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Article Dans Une Revue Clinical Anatomy Année : 2022

Three-dimensional printing models improves long-term retention in medical education of pathoanatomy: A randomized controlled study.

Résumé

Craniosynostosis is a rare and complex pathology, and visuospatial skills are necessary for a good understanding of the condition. While the use of three-dimensional (3D) models has improved the understanding of complex craniofacial anatomy, no study has evaluated the impact of this teaching support on long-term retention. Our randomized controlled trial was designed to compare the long-term retention of information with 3D-printed models of four types of craniosynostosis versus classic 3D reconstructions displayed in two-dimensional (2D) among undergraduate students. All students benefited from the same standardized course followed by the manipulation of the learning tool associated with the group for 15 min. Long-term retention was assessed by the capability to properly recognize different types of craniosynostosis 3 weeks after the course. Eighty-five students were enrolled. Previous educational achievements and baseline visuospatial skills were similar between the groups. The bivariate analysis showed the mean score in the 3D and 2D groups were 11.32 (2.89) and 8.08 (2.81), respectively (p < 0.0001). 3D-printed models of structures with spatial complexity such as various craniosynostosis patterns improve significantly medical students' long-term retention, indicating their educational efficacy.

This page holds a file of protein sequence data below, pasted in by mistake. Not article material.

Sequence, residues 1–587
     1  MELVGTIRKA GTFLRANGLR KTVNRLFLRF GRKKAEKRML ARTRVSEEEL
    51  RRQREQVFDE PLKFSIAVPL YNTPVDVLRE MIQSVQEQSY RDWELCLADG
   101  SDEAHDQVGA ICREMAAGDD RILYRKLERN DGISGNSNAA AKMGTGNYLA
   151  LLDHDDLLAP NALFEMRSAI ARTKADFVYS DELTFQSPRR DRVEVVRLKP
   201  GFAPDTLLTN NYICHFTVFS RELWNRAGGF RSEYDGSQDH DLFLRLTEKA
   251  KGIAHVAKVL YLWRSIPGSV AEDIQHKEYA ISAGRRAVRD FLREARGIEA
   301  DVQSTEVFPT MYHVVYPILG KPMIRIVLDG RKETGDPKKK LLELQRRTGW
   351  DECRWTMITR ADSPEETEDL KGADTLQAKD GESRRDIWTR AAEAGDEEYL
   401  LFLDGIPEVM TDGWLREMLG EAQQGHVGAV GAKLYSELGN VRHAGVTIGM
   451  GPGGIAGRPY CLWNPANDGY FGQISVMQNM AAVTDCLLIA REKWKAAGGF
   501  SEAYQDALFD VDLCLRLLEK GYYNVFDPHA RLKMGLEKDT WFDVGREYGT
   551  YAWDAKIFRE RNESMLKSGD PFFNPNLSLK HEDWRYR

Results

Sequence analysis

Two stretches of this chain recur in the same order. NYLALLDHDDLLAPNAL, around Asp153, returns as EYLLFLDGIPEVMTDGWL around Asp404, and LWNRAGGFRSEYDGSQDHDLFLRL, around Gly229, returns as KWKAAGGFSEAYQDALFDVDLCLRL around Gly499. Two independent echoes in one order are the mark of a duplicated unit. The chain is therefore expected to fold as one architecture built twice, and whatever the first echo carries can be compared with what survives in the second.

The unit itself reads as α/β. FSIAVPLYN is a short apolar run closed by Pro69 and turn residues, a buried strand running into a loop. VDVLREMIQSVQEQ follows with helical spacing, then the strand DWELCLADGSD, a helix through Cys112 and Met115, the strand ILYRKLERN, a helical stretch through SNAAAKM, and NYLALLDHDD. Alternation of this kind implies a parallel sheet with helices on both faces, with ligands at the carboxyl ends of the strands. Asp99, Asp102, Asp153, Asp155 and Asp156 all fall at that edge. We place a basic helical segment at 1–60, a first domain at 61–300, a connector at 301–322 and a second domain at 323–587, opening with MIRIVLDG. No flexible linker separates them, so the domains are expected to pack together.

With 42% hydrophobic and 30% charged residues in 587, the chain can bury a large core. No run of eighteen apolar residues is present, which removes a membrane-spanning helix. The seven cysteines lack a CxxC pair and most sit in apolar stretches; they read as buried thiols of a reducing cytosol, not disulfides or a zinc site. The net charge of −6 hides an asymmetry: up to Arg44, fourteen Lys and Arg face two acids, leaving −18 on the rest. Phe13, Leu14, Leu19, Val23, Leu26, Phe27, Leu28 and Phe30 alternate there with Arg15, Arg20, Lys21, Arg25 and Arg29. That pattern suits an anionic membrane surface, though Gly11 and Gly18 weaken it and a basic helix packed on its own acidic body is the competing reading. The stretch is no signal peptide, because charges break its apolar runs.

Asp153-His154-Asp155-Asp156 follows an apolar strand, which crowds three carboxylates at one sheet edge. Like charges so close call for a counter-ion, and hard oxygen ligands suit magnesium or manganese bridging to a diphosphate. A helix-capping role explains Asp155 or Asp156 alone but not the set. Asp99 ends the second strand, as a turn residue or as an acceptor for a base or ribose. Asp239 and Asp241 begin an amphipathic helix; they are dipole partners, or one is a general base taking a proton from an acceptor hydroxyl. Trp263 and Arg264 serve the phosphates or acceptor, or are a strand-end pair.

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Dates et versions

hal-03999981 , version 1 (22-02-2023)

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Citer

Nour Al-Badri, Sandrine Touzet-Roumazeille, Alexandra Nuytten, Joel Ferri, Marie - Laure Charkaluk, et al.. Three-dimensional printing models improves long-term retention in medical education of pathoanatomy: A randomized controlled study.. Clinical Anatomy, 2022, Clinical Anatomy, 35 (5), pp.609-615. ⟨10.1002/ca.23878⟩. ⟨hal-03999981⟩
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